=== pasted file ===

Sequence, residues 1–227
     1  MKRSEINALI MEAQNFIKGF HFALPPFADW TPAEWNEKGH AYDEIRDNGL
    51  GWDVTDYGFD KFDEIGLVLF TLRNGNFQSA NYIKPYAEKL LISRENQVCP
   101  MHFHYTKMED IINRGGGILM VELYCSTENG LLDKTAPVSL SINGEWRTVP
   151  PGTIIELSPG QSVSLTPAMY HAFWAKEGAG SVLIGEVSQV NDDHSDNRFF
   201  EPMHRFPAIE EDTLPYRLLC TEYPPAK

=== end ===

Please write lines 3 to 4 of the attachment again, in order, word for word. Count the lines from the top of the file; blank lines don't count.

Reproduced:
    51  GWDVTDYGFD KFDEIGLVLF TLRNGNFQSA NYIKPYAEKL LISRENQVCP
   101  MHFHYTKMED IINRGGGILM VELYCSTENG LLDKTAPVSL SINGEWRTVP